Sitting in a high booth at Explorers Club, Varga talks about his mom, who recently passed away. “I got her recipes and her wooden spoon,” he says humbly. “The one she always used ... it’s in my kitchen now.” He also recalls stories of his great-grandmother back in Budapest, who had a smoke house, used to slaughter pigs herself, and was an all-around badass cook.
This attitude trickled down through the generations and found its full expression in Varga, who never likes to eat the same thing. “I want to make everything new and better,” he explained. “Take the grilled macaroni and cheese sandwich with bacon tomato jam …”
“I get hungry late at night after work and, after a couple beers, start making stuff,” he said, shrugging his shoulders.
A first-generation American, Varga’s dad came to the U.S. from Germany in 1955, eventually landing with his family in Columbus to work the Statehouse beat for The Plain Dealer. With ethnic ties to Germany, Hungary, and Transylvania, the sausage vein runs deep in the young chef. “Soon, I’m going to be making my own kielbasa, brats, smoked meats, bacon,” Varga rhapsodized, hands gesticulating as if he’s conducting an imaginary sausage symphony.
Varga learned his craft in kitchens around the city, ranging from late great Gloria Café to G. Michael's Bistro & Bar. As with many chefs, Varga is hooked on the pace and excitement of the kitchen life. “It’s such a rush, pumping out good food, dealing with curve balls,” he said.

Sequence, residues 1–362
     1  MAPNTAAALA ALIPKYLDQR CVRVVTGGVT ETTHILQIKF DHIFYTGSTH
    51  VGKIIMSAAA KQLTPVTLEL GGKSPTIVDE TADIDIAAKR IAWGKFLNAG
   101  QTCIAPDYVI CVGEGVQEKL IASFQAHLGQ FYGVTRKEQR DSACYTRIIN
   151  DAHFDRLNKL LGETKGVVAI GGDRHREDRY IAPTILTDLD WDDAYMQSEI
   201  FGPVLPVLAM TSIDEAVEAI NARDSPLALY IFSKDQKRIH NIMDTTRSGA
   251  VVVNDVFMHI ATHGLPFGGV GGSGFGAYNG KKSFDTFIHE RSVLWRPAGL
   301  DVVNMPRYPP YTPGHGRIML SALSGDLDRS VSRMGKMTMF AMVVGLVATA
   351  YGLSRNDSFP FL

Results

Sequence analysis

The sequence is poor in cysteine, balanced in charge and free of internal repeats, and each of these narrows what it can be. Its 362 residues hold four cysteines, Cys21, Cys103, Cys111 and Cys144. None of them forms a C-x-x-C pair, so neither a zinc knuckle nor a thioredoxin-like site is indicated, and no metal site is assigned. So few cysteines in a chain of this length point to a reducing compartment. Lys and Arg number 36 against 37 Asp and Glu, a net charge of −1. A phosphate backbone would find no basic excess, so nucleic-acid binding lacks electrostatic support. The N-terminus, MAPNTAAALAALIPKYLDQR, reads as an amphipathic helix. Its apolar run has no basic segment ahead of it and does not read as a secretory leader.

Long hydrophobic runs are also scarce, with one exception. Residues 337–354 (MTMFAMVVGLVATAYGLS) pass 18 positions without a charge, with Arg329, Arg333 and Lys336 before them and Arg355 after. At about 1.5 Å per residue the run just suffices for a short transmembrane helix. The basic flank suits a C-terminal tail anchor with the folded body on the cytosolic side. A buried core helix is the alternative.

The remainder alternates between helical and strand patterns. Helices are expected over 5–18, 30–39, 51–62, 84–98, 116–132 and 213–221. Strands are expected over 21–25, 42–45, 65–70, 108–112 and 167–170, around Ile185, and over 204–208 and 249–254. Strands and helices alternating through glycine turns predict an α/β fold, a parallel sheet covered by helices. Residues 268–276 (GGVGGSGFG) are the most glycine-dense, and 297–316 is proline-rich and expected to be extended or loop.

Varga practically winces when recalling one memorable gaffe. While working at Oscar’s of Dublin, the young line cook was tasked with turning down the flame on a huge vat of stock before closing. Well, Varga forgot. “The next morning, the owner came into a restaurant filled with black smoke,” he cringed. “The bottom of the metal pan had melted through and was stuck to the stove top.” When he showed up for shift at 3 p.m., Varga was called into the office. His first question to the owner, “What’s that smell?” He stayed on at the gig for two more years.
“I love cooking for people,” he said simply. “I want them to come back into the kitchen and say 'Hi.' I want this to be a nice neighborhood restaurant.”